Two centuries ago, the floor of the Central Valley was largely a marshy wetland. In the springtime, the snowpack would melt, swelling the rivers beyond their banks and casting young fish out onto the floodplains where they would stay for months, fattening up on the abundant zooplankton and invertebrates until the floodplains drained, signaling the time to migrate to the ocean. However, the construction of levees – needed to control flooding of homes and farmland – also separated the rivers from their floodplains, denying access to native fish who have evolved to take advantage of floodplain habitat.
Recent studies have shown that juvenile fish reared on floodplains are larger, healthier and more robust than those that stay in the river; however, access to floodplain habitat in the Sacramento Valley is limited. So the Bureau of Reclamation and the California Department of Water Resources are partnering on projects in the Yolo Bypass to reconnect floodplain habitat and improve fish passage for young salmon, as well as returning adults. The Yolo Bypass Salmonid Habitat Restoration Program is composed of several smaller projects that will reconnect the floodplain for fish during the winter season and improve connectivity within the bypass and to the Sacramento River.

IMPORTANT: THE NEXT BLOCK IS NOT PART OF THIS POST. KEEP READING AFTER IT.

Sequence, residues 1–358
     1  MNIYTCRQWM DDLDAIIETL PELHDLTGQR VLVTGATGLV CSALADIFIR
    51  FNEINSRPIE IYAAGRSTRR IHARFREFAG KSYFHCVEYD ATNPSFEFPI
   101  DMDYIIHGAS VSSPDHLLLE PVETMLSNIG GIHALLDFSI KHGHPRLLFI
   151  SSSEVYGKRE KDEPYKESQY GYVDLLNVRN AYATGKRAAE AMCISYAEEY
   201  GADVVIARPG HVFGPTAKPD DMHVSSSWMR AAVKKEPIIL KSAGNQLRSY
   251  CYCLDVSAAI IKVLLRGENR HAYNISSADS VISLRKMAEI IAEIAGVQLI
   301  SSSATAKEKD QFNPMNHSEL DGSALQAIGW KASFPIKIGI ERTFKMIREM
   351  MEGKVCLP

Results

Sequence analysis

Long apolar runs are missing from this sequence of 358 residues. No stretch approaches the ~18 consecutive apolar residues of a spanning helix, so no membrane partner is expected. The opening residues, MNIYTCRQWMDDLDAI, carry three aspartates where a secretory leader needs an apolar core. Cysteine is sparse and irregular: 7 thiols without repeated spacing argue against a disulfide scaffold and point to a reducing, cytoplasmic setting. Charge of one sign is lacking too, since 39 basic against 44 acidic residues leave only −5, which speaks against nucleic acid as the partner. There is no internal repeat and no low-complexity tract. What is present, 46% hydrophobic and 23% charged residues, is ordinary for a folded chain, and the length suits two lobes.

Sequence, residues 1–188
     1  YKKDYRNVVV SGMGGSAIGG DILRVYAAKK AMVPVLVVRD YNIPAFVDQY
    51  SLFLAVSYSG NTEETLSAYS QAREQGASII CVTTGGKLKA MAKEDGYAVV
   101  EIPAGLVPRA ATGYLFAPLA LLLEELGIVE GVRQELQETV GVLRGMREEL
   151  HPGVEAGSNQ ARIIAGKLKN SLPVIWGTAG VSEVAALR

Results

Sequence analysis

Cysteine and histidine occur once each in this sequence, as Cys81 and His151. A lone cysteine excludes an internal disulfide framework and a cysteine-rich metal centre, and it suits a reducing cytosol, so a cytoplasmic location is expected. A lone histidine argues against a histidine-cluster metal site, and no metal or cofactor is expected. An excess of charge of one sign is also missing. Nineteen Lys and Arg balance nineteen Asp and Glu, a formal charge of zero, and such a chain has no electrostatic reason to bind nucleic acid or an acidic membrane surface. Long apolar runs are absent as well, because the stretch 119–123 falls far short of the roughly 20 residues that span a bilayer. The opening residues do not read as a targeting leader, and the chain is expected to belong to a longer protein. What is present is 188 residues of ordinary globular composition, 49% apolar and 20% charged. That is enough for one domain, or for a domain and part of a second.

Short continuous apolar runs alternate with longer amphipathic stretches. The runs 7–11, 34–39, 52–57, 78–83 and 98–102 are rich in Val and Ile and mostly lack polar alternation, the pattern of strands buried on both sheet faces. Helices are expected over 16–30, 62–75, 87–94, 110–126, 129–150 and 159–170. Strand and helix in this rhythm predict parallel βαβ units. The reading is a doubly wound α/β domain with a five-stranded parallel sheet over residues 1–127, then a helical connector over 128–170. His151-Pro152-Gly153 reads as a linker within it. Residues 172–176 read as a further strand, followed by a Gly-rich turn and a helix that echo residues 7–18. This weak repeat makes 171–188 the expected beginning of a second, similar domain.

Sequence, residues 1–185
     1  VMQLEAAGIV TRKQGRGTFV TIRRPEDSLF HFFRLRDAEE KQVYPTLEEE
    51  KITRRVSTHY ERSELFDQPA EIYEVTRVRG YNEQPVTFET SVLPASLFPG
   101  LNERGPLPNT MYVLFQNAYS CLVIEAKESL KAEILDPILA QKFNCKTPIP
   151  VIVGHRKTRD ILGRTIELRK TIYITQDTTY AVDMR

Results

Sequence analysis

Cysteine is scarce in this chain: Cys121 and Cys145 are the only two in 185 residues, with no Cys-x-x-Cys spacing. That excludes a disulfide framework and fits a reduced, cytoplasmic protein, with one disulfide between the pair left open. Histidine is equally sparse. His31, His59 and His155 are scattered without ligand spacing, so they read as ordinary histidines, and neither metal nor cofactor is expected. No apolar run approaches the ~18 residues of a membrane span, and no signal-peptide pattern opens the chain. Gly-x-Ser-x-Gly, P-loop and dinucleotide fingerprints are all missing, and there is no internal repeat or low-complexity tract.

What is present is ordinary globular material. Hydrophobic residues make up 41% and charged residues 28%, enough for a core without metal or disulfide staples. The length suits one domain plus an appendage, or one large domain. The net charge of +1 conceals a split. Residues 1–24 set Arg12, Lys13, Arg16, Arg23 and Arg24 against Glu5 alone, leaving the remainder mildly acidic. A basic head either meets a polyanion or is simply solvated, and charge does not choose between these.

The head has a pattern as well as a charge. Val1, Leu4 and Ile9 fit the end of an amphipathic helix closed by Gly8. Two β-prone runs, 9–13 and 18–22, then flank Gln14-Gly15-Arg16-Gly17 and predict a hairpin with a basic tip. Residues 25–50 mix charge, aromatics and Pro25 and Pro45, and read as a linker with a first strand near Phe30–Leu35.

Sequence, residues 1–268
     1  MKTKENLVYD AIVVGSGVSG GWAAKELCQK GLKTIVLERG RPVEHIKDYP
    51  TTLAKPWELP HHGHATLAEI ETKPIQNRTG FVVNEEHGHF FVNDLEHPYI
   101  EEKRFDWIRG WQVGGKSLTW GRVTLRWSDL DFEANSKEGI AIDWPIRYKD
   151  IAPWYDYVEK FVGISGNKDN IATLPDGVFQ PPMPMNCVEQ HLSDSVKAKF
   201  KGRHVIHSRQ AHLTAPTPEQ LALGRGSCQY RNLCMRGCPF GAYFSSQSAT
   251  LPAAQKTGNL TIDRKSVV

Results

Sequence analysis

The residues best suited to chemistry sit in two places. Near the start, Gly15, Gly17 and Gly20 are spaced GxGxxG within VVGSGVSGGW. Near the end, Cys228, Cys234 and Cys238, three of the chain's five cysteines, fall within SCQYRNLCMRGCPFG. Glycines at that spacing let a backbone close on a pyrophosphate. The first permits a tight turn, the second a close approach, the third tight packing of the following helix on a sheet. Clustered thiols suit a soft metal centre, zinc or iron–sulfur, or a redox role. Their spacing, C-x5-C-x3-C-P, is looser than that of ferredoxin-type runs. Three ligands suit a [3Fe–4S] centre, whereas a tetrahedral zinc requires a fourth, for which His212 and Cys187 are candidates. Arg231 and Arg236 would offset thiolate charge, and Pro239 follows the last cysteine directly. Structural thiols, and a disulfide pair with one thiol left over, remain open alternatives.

At the April meeting of the Central Valley Flood Protection Board, Board members heard an informational briefing on the Yolo Bypass Salmonid Habitat Restoration and Fish Passage Project being planned for the Fremont Weir. Referred to as the Big Notch, this project will construct a gated notch at Fremont Weir that will allow a controlled flow from the Sacramento River into the Yolo Bypass to create seasonal floodplain habitat for juvenile fish as well as to improve migration for adult fish.
Maninder Bahia, Water Resource Engineer with the Department of Water Resources, gave the presentation.
The project is located at the Fremont Weir in the Yolo Bypass, a key flood control facility that is about 40 miles long and 2 to 3 miles wide. The Yolo Bypass receives excess Sacramento River flow at the Fremont Weir and the Sacramento Weir. The Yolo Bypass also receives near year round flow from Knight’s Landing Ridge Cut, Cache Creek, Willow Slough, and Putah Creek. The Fremont Weir is designed to receive 343,000 cfs from the Sacramento River and the Sutter Bypass, which is just upstream of the Fremont Weir and the Yolo Bypass.
The Fremont Weir is adjacent to the Sacramento River and is the northernmost feature of the Yolo Bypass. The Fremont Weir, shown below on the right, is an approximately 2 mile long fixed crest weir about 6 feet long.